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Up Close and Undercover

The story of the DEA agent who helped put some of the world's top drug lords behind bars is a tale Hollywood would love to tell--and the scramble to tell it is on.

March 09, 1997|Anne-Marie O'Connor | Anne-Marie O'Connor is a Times staff writer who covers the U.S.-Mexican border

SAN DIEGO — For nearly two years, Heidi Herrera was the unrivaled ice princess of Southern California money laundering. The striking blond daughter of a retired Mexican drug smuggler, Herrera held court with traffickers at her lavish La Jolla suites and jetted around the world to meet with Sicilian Mafia envoys and Colombian cartel connections.

One kingpin murmured that if she cheated him, he could have her killed like that. He needn't have worried. Heidi's business acumen was as impeccable as her steely blue eyes. Soon she was listed as one of the most successful Hispanic executives in the United States.

Her clients were dangerous men. And Heidi, as they were soon to discover, was a dangerous woman.

Because Heidi was really Heidi Landgraf, an undercover Drug Enforcement Administration agent, the glamorous operative behind an unorthodox top-secret sting--code-named Green Ice, a metaphor for frozen assets--that was the single biggest anti-narcotics operation of all time.

More than 200 people around the world were sent to jail and $50 million in allegedly ill-gotten gain was seized at the climax of the operation in September 1992. And the elusive Heidi Herrera had vanished.


Sound like something out of a movie? Hollywood thinks so. Today, Heidi Landgraf's dangerous masquerade is being recounted in a book, courted for a television drama and developed as a movie that would star Michelle Pfeiffer.

John Davis, one of the producers developing the film for Columbia Pictures, hopes movie audiences are clamoring for a character he sees as America's first female James Bond. After the box-office success of movies like "Thelma & Louise," "Waiting to Exhale" and "The First Wives Club," Hollywood has come to see the wisdom of making movies with strong, believable female characters. An action movie with a woman hero, producers believe, remains a lucrative, untapped genre.

And the Green Ice story would seem like the perfect tale to tap into that genre. Producers plan to reinvent the movie's Heidi as a single woman--in real life, she is a married stepmother. And there may be an homme fatale, a hunky criminal strategically strewn throughout the story line in a gender reversal on the dishy Bond temptresses.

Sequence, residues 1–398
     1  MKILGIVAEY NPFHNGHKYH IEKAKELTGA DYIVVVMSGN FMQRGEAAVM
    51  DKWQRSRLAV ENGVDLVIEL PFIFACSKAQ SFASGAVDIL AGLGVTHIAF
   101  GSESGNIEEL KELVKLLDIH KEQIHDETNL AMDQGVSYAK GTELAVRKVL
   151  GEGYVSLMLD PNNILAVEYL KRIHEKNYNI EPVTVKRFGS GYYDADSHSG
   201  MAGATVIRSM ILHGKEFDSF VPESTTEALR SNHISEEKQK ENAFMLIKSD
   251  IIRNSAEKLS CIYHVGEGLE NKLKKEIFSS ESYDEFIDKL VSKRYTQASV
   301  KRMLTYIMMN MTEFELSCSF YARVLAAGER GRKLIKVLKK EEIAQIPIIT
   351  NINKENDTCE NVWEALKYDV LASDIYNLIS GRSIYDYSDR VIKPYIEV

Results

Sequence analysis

"This is going to be the DEA's 'Top Gun,' " said Tony Lord of Lord/Weaver Productions, which is also involved with the project.

Still, it remains to be seen whether the DEA movie, tentatively titled "Ice Queen," can top the elaborate Green Ice charade. Or the under-the-gun acting of Landgraf, who often had to make things up as she went along.

Like all good lies, the sting rested on a few threads of truth. Women are common in the ranks of Latin American money laundering but rare on the front lines of U.S. anti-drug enforcement, so traffickers would be more predisposed to trust Landgraf than a blond white man. Moreover, Landgraf spoke Spanish and knew her way around Latin society.

So DEA supervisors recast her as a woman born into the business, the exotic bicultural daughter of a retired Mexican drug lord and his beautiful Austrian trophy wife.

In reality, Landgraf is the daughter of a Los Angeles fireman and a pioneer policewoman. She did not immediately settle on a law enforcement career. First she bummed around Europe, studied medicine in Mexico, got an undergraduate degree in psychology at San Diego State University and worked in marketing and drug rehabilitation. At 33, she joined the DEA.

Assigned to the San Diego division, she performed typical rookie tasks for a few months, pitching in on investigations. On the personal front, she quietly began a romance with a DEA colleague, Ken Davis. Working at close quarters, they kept it a secret.

Then a supervisor, Tom Clifford, approached her. He had been toying with a novel proposal ever since the arrest of a beautiful, Sorbonne-educated Colombian woman on suspicion of money laundering. Would Landgraf be willing to pose as a money launderer?

Three months before the DEA began to build the Heidi Herrera empire in October 1989, Landgraf and Davis were married.

The preparations for Green Ice were far more elaborate--and expensive--than their wedding. The cost: $2 million.

The set was a La Jolla office suite with panoramic Pacific views, adorned with plush leather sofas, high-concept lighting, fine art--and electronic bugs. A cliff-top residence--where Landgraf rarely stayed--was furnished down to photographs of her real-life husband. Her office assistant and domestic "help" were all DEA agents.

Heidi, whose tastes lean more toward pantsuits reminiscent of vintage Katharine Hepburn movies, bought leather skirts and gold jewelry. She got boats, planes, a Mercedes--supplied by DEA seizures of traffickers' property. But her most important new accessory was the hidden wire surveillance microphone she would wear to all her meetings.

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